What Evidence May Help to Prove You Were Hit by a Distracted Driver?
October 08, 2021
Distracted driving is one of the leading causes of car crashes in Nevada and across the country. Most people think of texting and driving when they hear about this phenomenon, but this is not the only distracted driving behavior that can lead to a collision.
If you suspect that the negligence of a distracted driver caused your crash, how do you prove it? Hiring a qualified attorney can help, along with gathering specific evidence to strengthen your claim for damages.
Our Las Vegas-based vehicle crash lawyers at Bernstein & Poisson discuss distracted driving and the evidence that can help prove liability for this type of crash.
Distracted Driving Laws in Nevada
Drivers can be distracted by many behaviors; however, texting and driving is the deadliest. That is why Nevada state law prohibits the use of handheld cellphones or any other wireless communications devices while driving.
Penalties for Breaking the Law
If you are pulled over for texting and driving, you could be ticketed. The penalty you receive will vary, depending on whether it is your first violation:
- First offense: No moving violation, but offenders will receive a ticket for a $50 fine.
- Second offense: If you get a second ticket within seven years it will be a moving violation and cost you $100.
- Third offense: This is also a moving violation. This ticket will cost you $250.
Along with the cost of the ticket, a second or third-time offender will receive four points on his or her license and be responsible for paying court costs.
When Criminal Charges May Apply for Distracted Driving
Drivers who text and drive and cause the death of another person can expect to face vehicular manslaughter among other charges.
Drivers who cause a serious crash or any crash should never flee the scene. In Nevada, even if the crash only causes property damage, drivers who leave the scene of a crash can be sentenced to up to six months in jail and receive $1,000 in fines. If the crash causes death or injury, the penalties are harsher.
Evidence to Help Prove Distracted Driving Caused Your Crash
According to the National Highway Traffic Safety Administration (NHTSA), there are approximately 660,000 drivers texting and driving on the road at any point during the day. This is likely why the number of traffic fatalities involving distracted drivers is on the rise. Even if you feel sure your crash was caused by a distracted driver, it can be difficult to prove without strong evidence. That said, there are ways to help prove your claim.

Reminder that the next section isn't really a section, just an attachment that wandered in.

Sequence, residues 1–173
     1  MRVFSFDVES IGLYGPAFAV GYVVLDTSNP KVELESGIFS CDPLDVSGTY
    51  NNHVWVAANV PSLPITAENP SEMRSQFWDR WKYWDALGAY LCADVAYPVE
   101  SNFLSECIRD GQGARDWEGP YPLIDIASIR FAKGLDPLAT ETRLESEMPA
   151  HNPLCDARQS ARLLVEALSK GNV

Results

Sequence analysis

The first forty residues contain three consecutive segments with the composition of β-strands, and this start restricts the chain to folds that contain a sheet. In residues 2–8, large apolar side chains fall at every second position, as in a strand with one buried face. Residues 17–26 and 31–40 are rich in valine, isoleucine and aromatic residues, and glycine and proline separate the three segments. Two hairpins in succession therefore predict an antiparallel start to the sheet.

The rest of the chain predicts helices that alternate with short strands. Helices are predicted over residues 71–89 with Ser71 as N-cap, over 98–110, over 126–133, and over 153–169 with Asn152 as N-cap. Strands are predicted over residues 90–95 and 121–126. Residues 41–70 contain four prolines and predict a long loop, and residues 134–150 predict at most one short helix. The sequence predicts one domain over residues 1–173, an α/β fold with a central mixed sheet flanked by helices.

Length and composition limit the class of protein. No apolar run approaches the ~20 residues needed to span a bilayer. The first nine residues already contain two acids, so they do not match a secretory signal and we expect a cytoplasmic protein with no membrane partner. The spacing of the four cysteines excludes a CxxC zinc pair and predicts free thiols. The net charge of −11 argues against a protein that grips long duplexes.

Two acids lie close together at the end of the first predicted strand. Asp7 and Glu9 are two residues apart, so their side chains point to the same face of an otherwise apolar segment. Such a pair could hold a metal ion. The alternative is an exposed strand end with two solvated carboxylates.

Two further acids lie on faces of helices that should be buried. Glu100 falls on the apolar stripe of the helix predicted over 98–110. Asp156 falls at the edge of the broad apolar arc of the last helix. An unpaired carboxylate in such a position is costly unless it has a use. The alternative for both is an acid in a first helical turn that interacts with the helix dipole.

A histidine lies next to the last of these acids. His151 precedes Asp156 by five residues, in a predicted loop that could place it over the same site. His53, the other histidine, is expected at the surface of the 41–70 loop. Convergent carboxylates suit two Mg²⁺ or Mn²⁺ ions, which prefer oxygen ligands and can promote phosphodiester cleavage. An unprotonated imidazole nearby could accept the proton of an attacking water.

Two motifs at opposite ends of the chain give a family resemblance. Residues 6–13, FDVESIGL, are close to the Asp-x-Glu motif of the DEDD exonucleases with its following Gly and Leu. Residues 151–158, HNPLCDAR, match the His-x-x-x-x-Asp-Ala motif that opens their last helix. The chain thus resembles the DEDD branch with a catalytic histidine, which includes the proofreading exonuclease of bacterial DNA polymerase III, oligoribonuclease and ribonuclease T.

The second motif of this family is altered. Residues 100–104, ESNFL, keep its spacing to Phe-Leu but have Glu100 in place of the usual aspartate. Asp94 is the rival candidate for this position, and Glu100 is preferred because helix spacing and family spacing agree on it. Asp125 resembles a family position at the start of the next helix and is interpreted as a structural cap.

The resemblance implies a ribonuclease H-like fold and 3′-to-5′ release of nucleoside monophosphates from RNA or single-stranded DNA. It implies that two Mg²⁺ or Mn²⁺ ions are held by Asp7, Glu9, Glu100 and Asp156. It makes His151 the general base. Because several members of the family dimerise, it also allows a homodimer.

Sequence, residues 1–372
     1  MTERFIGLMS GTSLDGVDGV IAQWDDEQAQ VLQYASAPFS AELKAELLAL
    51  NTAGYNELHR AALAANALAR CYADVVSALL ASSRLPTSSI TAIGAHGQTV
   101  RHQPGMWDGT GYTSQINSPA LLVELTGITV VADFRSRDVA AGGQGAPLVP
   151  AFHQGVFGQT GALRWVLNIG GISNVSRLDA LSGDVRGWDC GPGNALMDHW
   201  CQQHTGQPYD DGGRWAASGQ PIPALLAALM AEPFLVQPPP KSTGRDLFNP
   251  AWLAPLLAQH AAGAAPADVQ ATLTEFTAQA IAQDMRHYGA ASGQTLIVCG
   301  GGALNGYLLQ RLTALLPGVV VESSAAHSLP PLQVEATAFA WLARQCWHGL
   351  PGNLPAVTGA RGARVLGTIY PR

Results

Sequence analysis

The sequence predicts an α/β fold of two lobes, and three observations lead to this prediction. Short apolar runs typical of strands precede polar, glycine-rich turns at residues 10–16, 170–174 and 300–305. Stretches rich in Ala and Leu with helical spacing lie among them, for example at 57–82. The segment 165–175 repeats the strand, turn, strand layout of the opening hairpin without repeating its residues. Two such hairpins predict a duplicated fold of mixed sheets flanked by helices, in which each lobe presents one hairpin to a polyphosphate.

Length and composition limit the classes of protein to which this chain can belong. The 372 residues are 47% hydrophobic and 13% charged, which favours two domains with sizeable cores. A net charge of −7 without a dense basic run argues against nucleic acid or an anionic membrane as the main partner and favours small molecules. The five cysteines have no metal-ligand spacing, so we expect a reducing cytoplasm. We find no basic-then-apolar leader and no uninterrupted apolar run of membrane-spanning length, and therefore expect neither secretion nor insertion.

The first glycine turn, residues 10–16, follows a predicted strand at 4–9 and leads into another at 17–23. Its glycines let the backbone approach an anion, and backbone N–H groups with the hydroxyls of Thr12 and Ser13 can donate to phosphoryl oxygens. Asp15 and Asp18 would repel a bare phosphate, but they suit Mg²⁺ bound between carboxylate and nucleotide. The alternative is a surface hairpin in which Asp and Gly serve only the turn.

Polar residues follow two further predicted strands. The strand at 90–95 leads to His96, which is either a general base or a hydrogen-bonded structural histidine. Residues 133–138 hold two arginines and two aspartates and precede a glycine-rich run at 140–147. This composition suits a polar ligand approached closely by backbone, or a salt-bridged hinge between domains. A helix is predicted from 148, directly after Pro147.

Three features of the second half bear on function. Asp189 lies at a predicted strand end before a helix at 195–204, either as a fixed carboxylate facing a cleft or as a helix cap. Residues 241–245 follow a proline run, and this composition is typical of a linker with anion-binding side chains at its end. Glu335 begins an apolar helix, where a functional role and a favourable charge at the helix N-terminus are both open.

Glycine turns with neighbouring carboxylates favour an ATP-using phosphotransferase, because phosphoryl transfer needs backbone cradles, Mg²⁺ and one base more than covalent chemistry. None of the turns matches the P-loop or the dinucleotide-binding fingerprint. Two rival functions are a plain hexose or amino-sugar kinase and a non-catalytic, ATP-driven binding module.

Crash Scene Evidence
Photos or camera footage of the crash scene may support your statement that the other driver was inattentive. If the driver was distracted by something else, such as texting, it is likely he or she made no effort to stop. Evidence may support this if there are no fresh tire marks. Examining vehicle damage is another way that crash scene investigators may determine whether a driver attempted to avoid a crash.
When the police arrive they will examine and document the weather, road conditions, vehicle damage, road debris and more. Officers take statements from all involved drivers and any witnesses to the crash. All the information gathered by the officer is included in a police report. Be sure to get a copy of this report for your records and as evidence for your claim.
Electronic Data from the Vehicle
Most newer vehicles have a “black box” recorder installed. This device is also called an event data recorder (EDR). This device tracks driver activity behind the wheel. For example, EDR data could show that a driver did not hit the brake before the crash.
Statements can be helpful if the witnesses are credible. For instance, if someone saw the other driver using his or her phone as the car passed, this person may be able to help strengthen your claim. If your witness is both a passenger and a family member, however, his or her statement may carry less weight than a neutral third party.
It may be possible for the lawyer to subpoena the cellphone company for the driver’s usage reports. If available, these records may show the driver had been texting, checking emails or other cellphone activities right before the crash.
Social Media Activity
Social media activity provides an additional electronic trail that may show the other driver was using his or her cellphone at the time of impact. While this information will not show up on cellphone records, social media posts have individual time and date stamps.
Injured in a Distracted Driving Crash? Call Bernstein & Poisson Today
Being injured in any kind of car crash can be overwhelming, especially when victims have serious injuries to deal with. Medical costs can quickly create a stressful financial burden, both for victims and their families.
At Bernstein & Poisson, we are here to help. Not only do we have extensive experience helping crash victims, but we also have a proven track record. We have spent decades representing injured victims and recovered millions on behalf of our clients.
If you have been injured in a crash caused by another’s negligence, call our law firm today. There is no cost to meet with us and learn about your legal options. If we represent you, there is nothing to pay us up front or while we handle your case. We do not get paid unless you do.
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